Smash The Silence – November 18th.

The Smash The Silence project that has been a big part of my life for the past four years, and this year has been one of those blessings in disguise. This year was going to be one of the most exciting ones, with in-person live events supposed to take place, and obviously in March, all of that came to a halt. It was one of the most devastating feelings of my life. I had put so much work and energy into making sure that things would move smoothly, all for them to be taken away from me.

What I had figured out in March was my main concept for this program. It involved:

  • Young musicians and songwriters sharing original material that resonated with the message of speaking out.
  • Young people sharing their personal mental health journeys, with the ambition of raising awareness of mental health.
  • The event was profiled as a safe space, and an alcohol and drug free event.
  • It has always been a free event for young people, aimed at ages 12-24 years of age, open to all ages to allow support networks to come.
  • Mental Health Service resources were available; the main being headspace.

Ultimately, my goal was to bring people together over music, raising awareness through free expression, and acknowledging people suffer silently. It was through resilience, lots of mental strength and working with people to bring this program into a new format.

The 2020 program delivery shifted to a virtual platform in response to COVID-19 pandemic with Camden Council supporting the program; profiling material on Facebook every Friday and Sunday evening for a period of 10 weeks. This program extends on the Smash the Silence principals of maintaining mental health, creating conversations by smashing the silence, building resilience in a COVID world, connecting people with services, and provide ongoing support for emerging musicians and songwriters providing an opportunity for them to gain exposure for their original material.

I saw this as a perfect opportunity to take what is very much an in-person experience and use my university degree to help push me to making this a really impactful digital artefact. I used the OODA loop (observe, orient, decide, act) – which was how I was able to take something that I had been so set on and take it to an adapted format. It was an ongoing process that took between March and July to figure out, with various experimenting with aesthetics, filming and photography techniques and taking a real life experience and making it accessible to people.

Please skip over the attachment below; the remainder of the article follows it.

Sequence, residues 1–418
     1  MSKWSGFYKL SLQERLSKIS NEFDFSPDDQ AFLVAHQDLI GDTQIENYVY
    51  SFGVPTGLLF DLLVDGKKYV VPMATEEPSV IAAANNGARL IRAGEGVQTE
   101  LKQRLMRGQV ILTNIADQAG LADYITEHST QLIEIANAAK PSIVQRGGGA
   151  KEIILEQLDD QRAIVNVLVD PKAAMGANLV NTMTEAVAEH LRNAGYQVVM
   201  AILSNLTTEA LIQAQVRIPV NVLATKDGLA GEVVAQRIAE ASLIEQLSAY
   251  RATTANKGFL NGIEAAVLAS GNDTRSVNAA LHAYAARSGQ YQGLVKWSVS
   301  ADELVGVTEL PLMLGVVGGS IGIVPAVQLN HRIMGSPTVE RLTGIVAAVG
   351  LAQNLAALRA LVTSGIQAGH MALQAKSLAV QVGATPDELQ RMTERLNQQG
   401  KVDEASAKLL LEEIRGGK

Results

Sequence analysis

The program started in August with musicians performing on Friday nights, and interviews on Sundays on Facebook Premiere. The process was bringing people into the Camden Civic Centre, filming them with two static cameras and one on a gimbal, editing the footage and linking it with the mastered audio that I mixed. I had come up with various memetics that would be continued throughout the entire series. From the stage design and the handwriting aesthetic of various speaking parts, it was all carefully chosen to create a personal and calm feeling when people watched.

120,800 people connected with the ten week Smash the Silence program. 8 young people aged between 16 and 22yrs shared their personal mental health journey to reach out to others and encourage young people to smash the silence, with topics ranging from suicide, sexuality, self-image, racial discrimination, life changing events, anxiety, bullying, domestic abuse, family and relationship breakdown. 22 musicians engaged with the program, each profiling original material that responded to personal mental health experiences.

As you can see, the impact of working in an online space has taken this event to new heights. This series is extremely powerful and will be a resource for both educating about mental health, and entertainment and supporting upcoming young Australian talent.

After the series concluded, I was nominated for the WayAhead Mental Health Matters Award and won. This was extremely humbling and a bittersweet moment. For me, mental health is such a personal thing and being able to be recognised for the work I am so passionate about is something I do not take for granted.

I am currently in the ideation stage of a podcast that will follow up this series, and the return of events in 2021. The plan is to launch the podcast in December in a more laid-back style than the series. This digital media project is something I will definitely add more to in future, and now, Smash The Silence is now something I can turn into a job.

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